They are quite worried as to whether this pioneer in whole ecosystem research, not only in Canada but worldwide, will be transferred in a timely fashion. The centre does very important work on ecosystems and freshwater environments, and without adequate resources this centre's research will be lost. Therefore, they ask for recognition by the current government to continue that work and transfer the ELA in a timely and efficient manner.

UkrainePetitionsRoutine Proceedings

3:10 p.m.

Liberal

Kevin Lamoureux Liberal Winnipeg North, MB

Mr. Speaker, I would like to table a petition signed by many concerned Manitobans in regard to what is happening in Ukraine today. The people of Ukraine have become outraged with the ongoing protests, which have proven to be violent and deadly. The petitioners are asking for Parliament to stand with the Ukrainian people during this difficult time and to continue to forcefully oppose all efforts to repress their rights and freedoms.

The EnvironmentPetitionsRoutine Proceedings

3:10 p.m.

Green

Elizabeth May Green Saanich—Gulf Islands, BC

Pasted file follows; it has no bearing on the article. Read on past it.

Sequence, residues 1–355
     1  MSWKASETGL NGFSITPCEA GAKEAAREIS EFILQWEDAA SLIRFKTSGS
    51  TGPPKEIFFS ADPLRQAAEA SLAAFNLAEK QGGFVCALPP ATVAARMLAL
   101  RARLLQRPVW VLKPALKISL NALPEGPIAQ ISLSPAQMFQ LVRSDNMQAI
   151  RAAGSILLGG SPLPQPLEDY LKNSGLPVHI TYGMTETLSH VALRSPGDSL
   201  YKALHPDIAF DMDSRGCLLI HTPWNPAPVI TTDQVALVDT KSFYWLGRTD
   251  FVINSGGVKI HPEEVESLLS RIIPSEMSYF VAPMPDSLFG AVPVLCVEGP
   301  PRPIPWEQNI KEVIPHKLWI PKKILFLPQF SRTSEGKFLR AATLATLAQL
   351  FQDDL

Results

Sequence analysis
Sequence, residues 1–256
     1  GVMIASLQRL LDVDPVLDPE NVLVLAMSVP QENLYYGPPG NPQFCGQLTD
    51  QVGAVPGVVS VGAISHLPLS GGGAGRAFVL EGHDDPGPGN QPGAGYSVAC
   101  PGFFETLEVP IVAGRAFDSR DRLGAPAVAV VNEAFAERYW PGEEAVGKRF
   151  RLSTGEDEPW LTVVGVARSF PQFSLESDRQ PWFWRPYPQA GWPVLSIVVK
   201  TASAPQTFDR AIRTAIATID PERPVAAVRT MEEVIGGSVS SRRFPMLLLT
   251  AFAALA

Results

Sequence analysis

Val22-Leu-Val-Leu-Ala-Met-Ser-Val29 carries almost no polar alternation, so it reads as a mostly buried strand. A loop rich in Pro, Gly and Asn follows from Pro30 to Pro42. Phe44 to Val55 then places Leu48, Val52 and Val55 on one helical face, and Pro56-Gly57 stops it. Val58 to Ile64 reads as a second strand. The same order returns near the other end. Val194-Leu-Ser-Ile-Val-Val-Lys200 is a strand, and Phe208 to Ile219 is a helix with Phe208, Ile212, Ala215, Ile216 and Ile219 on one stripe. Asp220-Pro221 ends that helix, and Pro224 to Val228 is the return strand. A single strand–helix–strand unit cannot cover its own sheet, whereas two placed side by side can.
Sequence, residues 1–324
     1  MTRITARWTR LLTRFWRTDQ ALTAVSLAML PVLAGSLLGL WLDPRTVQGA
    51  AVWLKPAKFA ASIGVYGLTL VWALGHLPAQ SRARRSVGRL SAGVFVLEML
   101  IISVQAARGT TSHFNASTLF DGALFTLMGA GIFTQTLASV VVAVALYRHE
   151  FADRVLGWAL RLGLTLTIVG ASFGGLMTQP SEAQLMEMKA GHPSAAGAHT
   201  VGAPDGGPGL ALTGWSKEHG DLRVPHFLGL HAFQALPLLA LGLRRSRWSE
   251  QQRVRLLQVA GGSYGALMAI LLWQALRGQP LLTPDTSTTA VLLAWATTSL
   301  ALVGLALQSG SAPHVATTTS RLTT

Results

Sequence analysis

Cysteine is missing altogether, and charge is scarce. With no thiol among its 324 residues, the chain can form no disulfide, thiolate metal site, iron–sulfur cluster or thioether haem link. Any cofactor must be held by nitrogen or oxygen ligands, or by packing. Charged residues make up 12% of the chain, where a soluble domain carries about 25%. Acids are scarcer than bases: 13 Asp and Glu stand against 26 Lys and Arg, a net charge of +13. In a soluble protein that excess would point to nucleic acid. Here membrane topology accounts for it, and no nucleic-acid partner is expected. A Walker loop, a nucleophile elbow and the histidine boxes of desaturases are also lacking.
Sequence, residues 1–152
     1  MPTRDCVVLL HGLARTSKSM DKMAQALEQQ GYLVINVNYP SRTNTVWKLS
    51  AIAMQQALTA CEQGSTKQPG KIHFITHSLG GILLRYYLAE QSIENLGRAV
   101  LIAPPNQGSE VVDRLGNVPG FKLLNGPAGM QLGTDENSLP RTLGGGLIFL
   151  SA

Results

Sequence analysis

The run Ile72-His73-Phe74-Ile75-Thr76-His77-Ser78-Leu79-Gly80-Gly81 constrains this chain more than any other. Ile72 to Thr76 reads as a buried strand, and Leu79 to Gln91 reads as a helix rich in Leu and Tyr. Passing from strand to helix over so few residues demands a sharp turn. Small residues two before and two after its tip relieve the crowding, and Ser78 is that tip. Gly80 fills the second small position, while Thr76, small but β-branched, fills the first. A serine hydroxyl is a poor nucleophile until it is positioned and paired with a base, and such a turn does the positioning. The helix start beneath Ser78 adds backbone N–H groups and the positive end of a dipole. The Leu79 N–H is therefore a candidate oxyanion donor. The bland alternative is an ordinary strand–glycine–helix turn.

Mr. Speaker, it is a great pleasure and an honour to present two petitions today, the majority of signatories to both being residents of Saanich—Gulf Islands.

The first petition is primarily from residents of Pender Island, and some from Victoria. They are calling upon the government to refuse the Enbridge northern gateway pipeline. It is a risky pipeline and tanker scheme. The overwhelming consensus of the community members in my riding, based on numerous town hall meetings through the month of January, is to say no to this project.

Lyme DiseasePetitionsRoutine Proceedings

February 3rd, 2014 / 3:15 p.m.

Green

Elizabeth May Green Saanich—Gulf Islands, BC

Mr. Speaker, the second petition is from residents of Galiano Island and Victoria in support of my private member's bill, Bill C-442. I am pleased that it has now been set down for second reading. It is the bill I will put forward as a private member's bill for a vote in early March. These residents call upon the House assembled to create in a non-partisan fashion a national Lyme disease strategy to deal with this dreadful illness.